Streaming video could be too much for rivals.

By Aaron Pressman
March 6, 2017

Verizon’s surprise decision last month to offer unlimited data plans may be part of a strategy to overwhelm competitors’ wireless networks with traffic, a leading telecommunications analyst says.

Verizon has invested by far the most among the four major wireless carriers in adding capacity to its network through new cellular sites, particularly smaller sites that can be deployed close together in crowded urban areas, Craig Moffett, analyst at MoffettNathanson, noted in a report on Monday.

Verizon’s new unlimited plan didn’t offer the lowest price, but it did offer full high-definition quality for streamed video. Video is the fastest growing activity on mobile networks and accounts for a significant share of all traffic.

Sprint, T-Mobile, and AT&T had all previously downgraded customers’ video streams to DVD-quality by default to save bandwidth. AT&T t allowed customers to opt for higher-quality video if they wanted, while the other two carriers charged more for the higher quality. But shortly after Verizon’s announcement, T-Mobile tmus and Sprint s agreed to include HD video streaming at no extra charge and AT&T expanded its unlimited offer to all its customers after previously only allowing its pay TV customers to sign up. All three moves will ultimately put more traffic pressure on the carriers’ networks.

“Verizon’s counter appears to be a re-assertion of network advantage,” writes Moffett. “They believe that they can create a capacity war that they can win.”

That’s consistent with what Verizon chief network officer Nicki Palmer told Fortune last month about the decision to offer an unlimited plan. Palmer said Verizon’s added capacity, particularly via small cells, could handle the surge of traffic from unlimited customers. “It’s something we have down to, it’s not even an art anymore, it is a science,” she said. “We have expectations, we have capacity plans. It’s not something that I’m losing sleep over. It’s certainly something we know how to stay on top of.”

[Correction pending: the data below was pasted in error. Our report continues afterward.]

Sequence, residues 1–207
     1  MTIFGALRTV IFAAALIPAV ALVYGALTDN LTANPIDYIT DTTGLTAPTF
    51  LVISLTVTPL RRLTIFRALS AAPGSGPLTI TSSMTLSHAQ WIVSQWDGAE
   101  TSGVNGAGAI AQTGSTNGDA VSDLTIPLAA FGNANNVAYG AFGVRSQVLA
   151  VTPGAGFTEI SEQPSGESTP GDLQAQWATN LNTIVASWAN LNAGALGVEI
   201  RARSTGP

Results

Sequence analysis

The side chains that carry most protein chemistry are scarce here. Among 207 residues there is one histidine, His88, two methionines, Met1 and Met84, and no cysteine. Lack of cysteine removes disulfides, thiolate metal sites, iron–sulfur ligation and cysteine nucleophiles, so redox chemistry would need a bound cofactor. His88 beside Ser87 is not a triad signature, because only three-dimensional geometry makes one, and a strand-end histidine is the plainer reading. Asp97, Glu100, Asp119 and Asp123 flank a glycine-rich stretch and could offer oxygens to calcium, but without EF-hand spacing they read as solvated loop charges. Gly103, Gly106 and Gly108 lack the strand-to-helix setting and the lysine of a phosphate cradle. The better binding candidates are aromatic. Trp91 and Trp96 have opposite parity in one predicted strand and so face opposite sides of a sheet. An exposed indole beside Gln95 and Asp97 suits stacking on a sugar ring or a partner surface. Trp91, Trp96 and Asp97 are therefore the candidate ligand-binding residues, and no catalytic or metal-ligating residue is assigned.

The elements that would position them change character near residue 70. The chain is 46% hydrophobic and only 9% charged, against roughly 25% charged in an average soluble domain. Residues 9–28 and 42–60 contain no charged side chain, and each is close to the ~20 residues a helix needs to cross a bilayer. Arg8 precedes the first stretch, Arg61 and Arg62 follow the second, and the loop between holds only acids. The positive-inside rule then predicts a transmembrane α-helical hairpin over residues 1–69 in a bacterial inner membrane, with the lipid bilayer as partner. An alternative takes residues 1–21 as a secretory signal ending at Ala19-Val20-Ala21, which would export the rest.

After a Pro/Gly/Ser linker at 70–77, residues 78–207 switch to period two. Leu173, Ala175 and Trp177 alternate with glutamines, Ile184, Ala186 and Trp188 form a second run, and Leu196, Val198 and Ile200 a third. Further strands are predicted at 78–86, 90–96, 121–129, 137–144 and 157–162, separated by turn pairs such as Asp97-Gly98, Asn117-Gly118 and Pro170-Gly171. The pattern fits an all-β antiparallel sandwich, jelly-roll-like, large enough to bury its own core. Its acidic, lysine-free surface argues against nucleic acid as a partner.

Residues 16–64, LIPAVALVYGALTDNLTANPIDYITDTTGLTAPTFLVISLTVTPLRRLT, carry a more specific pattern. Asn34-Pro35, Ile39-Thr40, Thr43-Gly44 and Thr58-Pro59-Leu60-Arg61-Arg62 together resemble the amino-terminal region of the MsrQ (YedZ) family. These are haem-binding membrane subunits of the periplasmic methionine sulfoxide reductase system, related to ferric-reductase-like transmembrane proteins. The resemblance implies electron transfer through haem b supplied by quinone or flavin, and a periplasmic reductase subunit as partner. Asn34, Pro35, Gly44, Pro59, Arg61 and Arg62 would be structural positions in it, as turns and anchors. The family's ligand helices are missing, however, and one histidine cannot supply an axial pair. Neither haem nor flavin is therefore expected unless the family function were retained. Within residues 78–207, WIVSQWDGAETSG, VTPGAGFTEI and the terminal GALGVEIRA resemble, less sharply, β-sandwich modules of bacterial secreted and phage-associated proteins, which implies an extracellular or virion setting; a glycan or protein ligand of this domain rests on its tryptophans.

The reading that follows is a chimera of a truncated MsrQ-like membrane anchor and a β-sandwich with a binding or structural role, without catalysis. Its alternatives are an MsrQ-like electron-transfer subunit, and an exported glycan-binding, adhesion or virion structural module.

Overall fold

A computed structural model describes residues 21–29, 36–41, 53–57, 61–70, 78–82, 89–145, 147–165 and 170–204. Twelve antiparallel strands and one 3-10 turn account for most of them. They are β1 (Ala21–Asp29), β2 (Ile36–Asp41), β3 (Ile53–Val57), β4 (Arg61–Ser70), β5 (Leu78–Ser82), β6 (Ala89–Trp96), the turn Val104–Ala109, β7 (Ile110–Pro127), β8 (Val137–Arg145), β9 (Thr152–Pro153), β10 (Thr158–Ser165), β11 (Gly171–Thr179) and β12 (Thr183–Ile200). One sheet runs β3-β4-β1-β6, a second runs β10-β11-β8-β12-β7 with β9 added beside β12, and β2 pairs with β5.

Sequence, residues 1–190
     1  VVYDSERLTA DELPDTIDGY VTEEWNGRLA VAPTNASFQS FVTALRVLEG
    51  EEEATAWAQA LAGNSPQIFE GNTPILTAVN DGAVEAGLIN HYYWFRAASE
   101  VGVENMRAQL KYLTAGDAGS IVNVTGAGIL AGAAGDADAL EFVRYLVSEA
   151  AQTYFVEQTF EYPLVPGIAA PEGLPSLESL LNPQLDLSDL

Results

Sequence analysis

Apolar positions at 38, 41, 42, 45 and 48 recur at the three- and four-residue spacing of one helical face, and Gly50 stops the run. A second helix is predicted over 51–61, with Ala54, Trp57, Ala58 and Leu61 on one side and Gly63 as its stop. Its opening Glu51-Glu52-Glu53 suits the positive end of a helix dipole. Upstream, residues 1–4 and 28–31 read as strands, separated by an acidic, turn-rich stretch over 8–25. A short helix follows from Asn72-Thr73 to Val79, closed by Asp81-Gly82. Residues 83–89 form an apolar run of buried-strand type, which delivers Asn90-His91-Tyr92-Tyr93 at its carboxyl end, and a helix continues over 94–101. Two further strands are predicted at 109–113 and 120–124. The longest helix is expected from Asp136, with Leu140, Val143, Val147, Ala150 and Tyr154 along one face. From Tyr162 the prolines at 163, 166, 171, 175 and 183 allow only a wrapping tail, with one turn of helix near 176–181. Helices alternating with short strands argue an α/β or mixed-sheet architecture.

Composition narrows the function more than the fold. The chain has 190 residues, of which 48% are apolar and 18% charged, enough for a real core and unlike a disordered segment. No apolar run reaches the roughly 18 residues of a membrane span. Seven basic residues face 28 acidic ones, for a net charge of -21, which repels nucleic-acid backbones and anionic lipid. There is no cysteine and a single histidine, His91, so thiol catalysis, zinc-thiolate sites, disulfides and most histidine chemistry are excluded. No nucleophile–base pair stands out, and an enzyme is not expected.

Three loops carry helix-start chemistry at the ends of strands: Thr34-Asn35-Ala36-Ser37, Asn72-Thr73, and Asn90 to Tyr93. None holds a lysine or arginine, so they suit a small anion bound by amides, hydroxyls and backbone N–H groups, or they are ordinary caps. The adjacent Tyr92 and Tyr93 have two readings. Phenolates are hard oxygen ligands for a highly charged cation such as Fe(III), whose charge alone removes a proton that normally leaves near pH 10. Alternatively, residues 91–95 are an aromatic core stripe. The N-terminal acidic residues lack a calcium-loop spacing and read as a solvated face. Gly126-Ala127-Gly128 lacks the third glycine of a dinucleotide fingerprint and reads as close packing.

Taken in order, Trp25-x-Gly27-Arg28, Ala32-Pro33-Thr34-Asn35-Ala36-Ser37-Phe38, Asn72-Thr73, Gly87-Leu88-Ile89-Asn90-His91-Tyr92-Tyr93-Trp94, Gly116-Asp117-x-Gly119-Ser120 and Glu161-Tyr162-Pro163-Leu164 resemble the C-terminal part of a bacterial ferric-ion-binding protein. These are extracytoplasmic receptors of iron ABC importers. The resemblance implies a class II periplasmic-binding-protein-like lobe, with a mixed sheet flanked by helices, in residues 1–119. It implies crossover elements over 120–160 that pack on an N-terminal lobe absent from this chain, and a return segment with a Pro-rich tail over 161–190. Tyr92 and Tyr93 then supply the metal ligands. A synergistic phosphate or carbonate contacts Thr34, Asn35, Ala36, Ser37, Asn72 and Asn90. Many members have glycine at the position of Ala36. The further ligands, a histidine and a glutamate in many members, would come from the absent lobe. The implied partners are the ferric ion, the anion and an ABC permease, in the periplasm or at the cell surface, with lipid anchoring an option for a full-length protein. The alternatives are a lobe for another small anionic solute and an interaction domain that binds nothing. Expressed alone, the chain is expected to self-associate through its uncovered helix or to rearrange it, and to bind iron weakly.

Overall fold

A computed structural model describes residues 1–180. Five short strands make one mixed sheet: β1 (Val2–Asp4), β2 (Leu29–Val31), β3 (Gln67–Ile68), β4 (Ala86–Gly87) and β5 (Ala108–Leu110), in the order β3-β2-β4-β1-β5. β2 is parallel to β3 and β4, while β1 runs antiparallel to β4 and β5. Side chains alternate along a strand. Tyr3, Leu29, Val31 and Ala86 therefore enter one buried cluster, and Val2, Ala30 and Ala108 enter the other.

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Wall Street has been somewhat confused in its reaction to the unlimited plans. Verizon vz shares were hit hard after the company reported its fourth-quarter results in January and said it didn’t expect to grow its revenue in 2017. They fell further after the unlimited announcement but have bounced back a bit in recent days. For the year so far, Verizon’s stock price is off 6% versus the 6% gain in the S&P 5000 Index.

But Nathanson is more optimistic, citing early signs that Verizon is gaining market share with the plan. The competition “may struggle to keep pace,” he wrote. “Necessity, as they say, is the mother of invention. Verizon may well have landed on a strategy that will actually work. That’s certainly not what consensus seems to be thinking.”

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